A typical group is controlled by a single mastermind “boss” — a very intelligent and highly educated person — and includes bankers with extensive connections in the financial industry to arrange money laundering and cash out of stolen funds. Additionally, forgers are responsible for fake documents and supporting paperwork and professional project managers oversee the technical aspects of operations, software engineers, and skilled hackers. Some groups include ex-law enforcement agents responsible for information gathering as well as counter-intelligence operations.
Team members tend to have strong ties in real life and often are respected members of their communities, viewed by many as successful businessmen and entrepreneurs. The group will often have a diversified investment portfolio and maintain a presence in real estate, hospitality, and auto-related businesses.
Cyber-criminal syndicates don’t regard themselves as ordinary street criminals and rarely cross paths with everyday gangsters, preferring to remain in the shadows and avoid unnecessary attention from both law enforcement and local mafia branches.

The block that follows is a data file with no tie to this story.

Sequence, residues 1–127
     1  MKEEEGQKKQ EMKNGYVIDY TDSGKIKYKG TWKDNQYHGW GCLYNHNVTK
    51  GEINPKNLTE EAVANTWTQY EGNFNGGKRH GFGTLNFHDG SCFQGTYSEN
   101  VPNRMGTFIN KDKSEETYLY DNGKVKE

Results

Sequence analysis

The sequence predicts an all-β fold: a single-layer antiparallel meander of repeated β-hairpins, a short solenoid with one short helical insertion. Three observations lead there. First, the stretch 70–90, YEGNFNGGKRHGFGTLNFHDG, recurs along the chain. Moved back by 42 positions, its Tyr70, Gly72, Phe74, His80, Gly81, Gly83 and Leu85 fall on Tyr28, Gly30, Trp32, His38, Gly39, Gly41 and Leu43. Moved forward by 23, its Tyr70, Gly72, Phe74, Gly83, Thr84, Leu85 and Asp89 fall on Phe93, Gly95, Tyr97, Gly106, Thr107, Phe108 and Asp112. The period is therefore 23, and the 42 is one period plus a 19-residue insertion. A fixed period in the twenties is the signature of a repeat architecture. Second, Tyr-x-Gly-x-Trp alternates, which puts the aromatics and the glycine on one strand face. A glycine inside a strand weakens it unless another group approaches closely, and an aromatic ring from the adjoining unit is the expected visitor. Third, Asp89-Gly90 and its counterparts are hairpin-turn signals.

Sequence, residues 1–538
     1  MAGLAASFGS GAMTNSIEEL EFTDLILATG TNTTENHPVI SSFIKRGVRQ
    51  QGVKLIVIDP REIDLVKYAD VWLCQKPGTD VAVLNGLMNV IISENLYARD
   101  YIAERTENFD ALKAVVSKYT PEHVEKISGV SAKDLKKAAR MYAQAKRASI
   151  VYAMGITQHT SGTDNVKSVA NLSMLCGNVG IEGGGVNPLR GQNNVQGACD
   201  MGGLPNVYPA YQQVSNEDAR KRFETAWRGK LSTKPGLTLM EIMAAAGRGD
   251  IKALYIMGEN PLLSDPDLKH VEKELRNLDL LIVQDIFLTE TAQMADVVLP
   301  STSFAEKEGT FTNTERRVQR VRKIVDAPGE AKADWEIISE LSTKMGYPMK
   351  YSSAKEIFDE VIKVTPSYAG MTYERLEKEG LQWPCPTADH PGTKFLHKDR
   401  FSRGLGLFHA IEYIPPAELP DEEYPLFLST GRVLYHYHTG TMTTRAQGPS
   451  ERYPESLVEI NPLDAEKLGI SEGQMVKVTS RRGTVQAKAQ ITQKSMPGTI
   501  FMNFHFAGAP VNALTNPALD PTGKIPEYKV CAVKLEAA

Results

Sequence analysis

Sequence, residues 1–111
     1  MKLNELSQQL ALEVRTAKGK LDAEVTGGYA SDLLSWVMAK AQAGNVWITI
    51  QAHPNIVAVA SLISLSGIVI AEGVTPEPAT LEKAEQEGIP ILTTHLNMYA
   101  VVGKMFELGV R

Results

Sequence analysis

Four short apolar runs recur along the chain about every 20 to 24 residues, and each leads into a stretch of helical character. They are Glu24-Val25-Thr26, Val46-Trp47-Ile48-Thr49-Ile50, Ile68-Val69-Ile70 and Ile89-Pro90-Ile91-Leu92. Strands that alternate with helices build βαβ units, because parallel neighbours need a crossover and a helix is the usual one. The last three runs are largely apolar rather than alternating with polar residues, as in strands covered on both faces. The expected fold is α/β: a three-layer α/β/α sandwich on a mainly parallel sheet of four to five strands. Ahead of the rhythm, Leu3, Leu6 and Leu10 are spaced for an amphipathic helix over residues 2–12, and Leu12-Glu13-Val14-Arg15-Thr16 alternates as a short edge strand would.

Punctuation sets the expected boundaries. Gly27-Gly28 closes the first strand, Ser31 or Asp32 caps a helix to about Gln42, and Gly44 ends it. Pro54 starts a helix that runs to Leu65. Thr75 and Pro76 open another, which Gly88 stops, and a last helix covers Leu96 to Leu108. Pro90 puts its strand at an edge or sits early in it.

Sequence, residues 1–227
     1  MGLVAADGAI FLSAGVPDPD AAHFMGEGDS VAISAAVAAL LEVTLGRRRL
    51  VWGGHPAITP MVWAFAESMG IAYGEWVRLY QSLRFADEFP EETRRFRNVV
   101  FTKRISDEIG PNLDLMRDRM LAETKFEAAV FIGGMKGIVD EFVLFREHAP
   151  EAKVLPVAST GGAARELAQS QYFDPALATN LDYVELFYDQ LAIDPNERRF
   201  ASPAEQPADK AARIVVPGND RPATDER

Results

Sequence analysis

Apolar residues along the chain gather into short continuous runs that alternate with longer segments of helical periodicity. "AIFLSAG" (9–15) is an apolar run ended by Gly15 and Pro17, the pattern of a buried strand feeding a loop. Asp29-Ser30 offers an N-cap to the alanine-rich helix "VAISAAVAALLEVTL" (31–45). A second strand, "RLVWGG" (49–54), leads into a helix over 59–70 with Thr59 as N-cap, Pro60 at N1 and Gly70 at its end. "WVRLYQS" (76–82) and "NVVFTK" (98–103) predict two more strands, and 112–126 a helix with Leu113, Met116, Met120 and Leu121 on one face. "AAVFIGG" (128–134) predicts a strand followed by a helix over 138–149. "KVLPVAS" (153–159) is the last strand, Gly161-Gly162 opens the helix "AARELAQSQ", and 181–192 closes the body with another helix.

However, on certain occasions, requiring the involvement of a vast number of “troopers,” often, related to large cash-out operations, a one-time project can be launched through a chain of intermediaries.
What types of research do you feel are most beneficial for an enterprise security team?
We have to understand no silver bullet will solve every security problem. An effective security perimeter has to include the combination of:
- Automated tools responsible for identification of unusual behavior.
- Alerts on known IOCs and TTPs.
- Intelligence obtained from underground communities.
- Response procedures and guidelines.
Direct access to deep and dark web is crucial, but for a variety of safety reasons, might not be a viable option. Hidden criminal communities are not very fond of researchers, and in certain situations, an inexperienced researcher can draw unnecessary attention to the company and put it in danger.
In one of the recent cases, a poorly trained researcher has openly inquired about penetration solutions in newly adopted infrastructure which was tested at a limited number of corporate locations, immediately observing a sudden surge of malicious activity.
To avoid this, we would recommend utilizing the help of professional threat intelligence providers that operate undercover on a day-to-day basis and are familiar with all of the complex politics of these communities.
Several providers allow users to research deep and dark web sources in a safe and secure manner, without risking the integrity of the organization.
Companies also must foster internal security teams, ensuring they are capable of discovering relevant and actionable data as well as stimulating the unrestricted environment, providing the opportunity to initiate counter-measures quickly, and minimizing the red-tape procedures.
To learn how Recorded Future’s threat intelligence from the dark web can help your organization, request a demo.